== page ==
I had my first flat tire of the trip just as I approached Syracuse, on the day my odometer turned 4000 miles! I was so surprised I had trouble dealing with it for a few minutes – of course it happened in a pouring rain. I ducked under a covered lumber yard and changed the tube, realizing upon inspection that I had completely worn through the rear tire. Next day, I changed the tire out at a wonderful little bike shop in Manlius, NY – the guys there opened early for me, fixed my bike (new rear shift cable as well as tire), and refused payment for their services. I love these small bike shops across this U.S., they are the foundation of our sport, absolutely awesome.
(Little Falls, NY, is an example of a town along the Erie Canal that is in transition – one could sense the old mills and the past, yet one also sensed the possibilities ahead. Note the bedrock along the left side that the canal-makers 200 years ago had to dig through.)
I headed east toward Schenectady when I heard from my friend Virginia’s brother, Jamie, and his wife, Kim. They hosted a visit over night at their house in Galway. It was a treat to learn about their horse-centered lives involving shoeing as well as rodeos as far as Florida! The nexr morning i rode through beautiful, rolling country as I headed south down the Hudson.
(Road Angels, Kim Breyo and Jamie Felton, of Galway, NY.)
I cycled south along the Hudson River, including a long section right along the river though Albany. I finally crossed the river at the Dunn Memorial Bridge, which had a pedestrian/bicycle path separate from the traffic. I boogied south along the Hudson through surprisingly rural terrain, with views west into the Catskills.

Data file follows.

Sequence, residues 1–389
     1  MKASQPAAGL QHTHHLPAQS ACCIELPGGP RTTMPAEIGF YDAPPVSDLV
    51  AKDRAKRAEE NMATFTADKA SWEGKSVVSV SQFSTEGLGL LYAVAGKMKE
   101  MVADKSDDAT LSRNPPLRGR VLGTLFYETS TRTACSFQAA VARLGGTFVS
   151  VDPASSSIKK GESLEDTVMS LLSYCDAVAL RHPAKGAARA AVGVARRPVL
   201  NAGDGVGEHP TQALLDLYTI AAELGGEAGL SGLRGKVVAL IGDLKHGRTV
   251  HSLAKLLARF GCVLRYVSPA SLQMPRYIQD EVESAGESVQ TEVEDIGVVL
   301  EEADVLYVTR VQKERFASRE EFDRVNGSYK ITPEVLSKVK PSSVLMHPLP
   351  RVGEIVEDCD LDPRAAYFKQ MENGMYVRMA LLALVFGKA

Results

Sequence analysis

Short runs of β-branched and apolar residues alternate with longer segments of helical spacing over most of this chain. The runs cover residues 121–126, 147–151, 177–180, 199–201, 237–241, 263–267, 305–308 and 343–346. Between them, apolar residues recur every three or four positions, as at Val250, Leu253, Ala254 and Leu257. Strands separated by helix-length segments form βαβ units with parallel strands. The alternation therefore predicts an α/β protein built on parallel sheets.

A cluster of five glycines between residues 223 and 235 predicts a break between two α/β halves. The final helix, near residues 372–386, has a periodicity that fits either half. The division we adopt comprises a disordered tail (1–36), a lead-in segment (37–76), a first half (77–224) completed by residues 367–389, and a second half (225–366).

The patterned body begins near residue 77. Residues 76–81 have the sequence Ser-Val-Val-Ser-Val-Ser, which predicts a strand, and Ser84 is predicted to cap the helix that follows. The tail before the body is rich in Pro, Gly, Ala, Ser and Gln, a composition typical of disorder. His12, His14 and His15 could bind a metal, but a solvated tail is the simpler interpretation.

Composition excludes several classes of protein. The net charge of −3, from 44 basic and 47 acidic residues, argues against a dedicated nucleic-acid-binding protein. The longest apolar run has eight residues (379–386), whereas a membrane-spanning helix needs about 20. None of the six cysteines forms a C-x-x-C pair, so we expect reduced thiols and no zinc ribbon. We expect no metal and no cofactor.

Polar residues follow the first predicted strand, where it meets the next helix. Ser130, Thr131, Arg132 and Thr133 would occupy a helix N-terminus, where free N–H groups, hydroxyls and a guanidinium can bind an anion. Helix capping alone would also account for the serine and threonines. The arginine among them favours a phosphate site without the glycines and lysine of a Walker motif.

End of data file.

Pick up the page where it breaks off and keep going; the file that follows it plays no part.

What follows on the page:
At Germantown, NY, on the Hudson I headed Southeast across the Appalacians and the various hills that got in my way. I was sure I was not in Kansas when most of the streams that flow to the Hudson were called kills and the ravines they created were called hollows. I rode through Deep Hollow and Bog Hollow. This was clearly Rip Van Winkle country, although I didn’t come across Sleepy Hollow. I could have used a long nap that day given the heat, humidity and hills. Again I was surprised at how rural this region was, less than 100 miles from the big city.
The farther East I get, the older everything seems – roads, buildings, canals, barns, stone walls, whole towns. Whereas Seattle was settled by pioneers in 1854, most of the villages I’m now peddling through go back at least 100 years earlier, and the closer I get to the coast they start listing their founding dates in the 1600s! Near the tiny “hamlet” of Wassaic, NY (too small to be officially designated as a village, let alone a town), I noticed some odd rock structures overgrown with ivy by the side of the road. They turned out to be beehive kilns from an old iron works, more than 200 years old. The beehive construction reminded me of old Celtic ruins we saw in Ireland many years ago. A serendipity moment by the side of Deep Hollow road, seemingly ignored as no big deal by the locals.
I crossed into Connecticut by such a back road there were no signs, although soon therafter I crossed the Appalachian Trail, a sure indicator to me that I was making progress toward the coast. And with that I’ll close this post with my latest map showing my progress toward the far corner of Maine. New England states are pretty small compared to most that I’ve traveled through, yet the long Maine coastline still looms.
— Dave (posted from New Haven, CT, on 7/31/2016)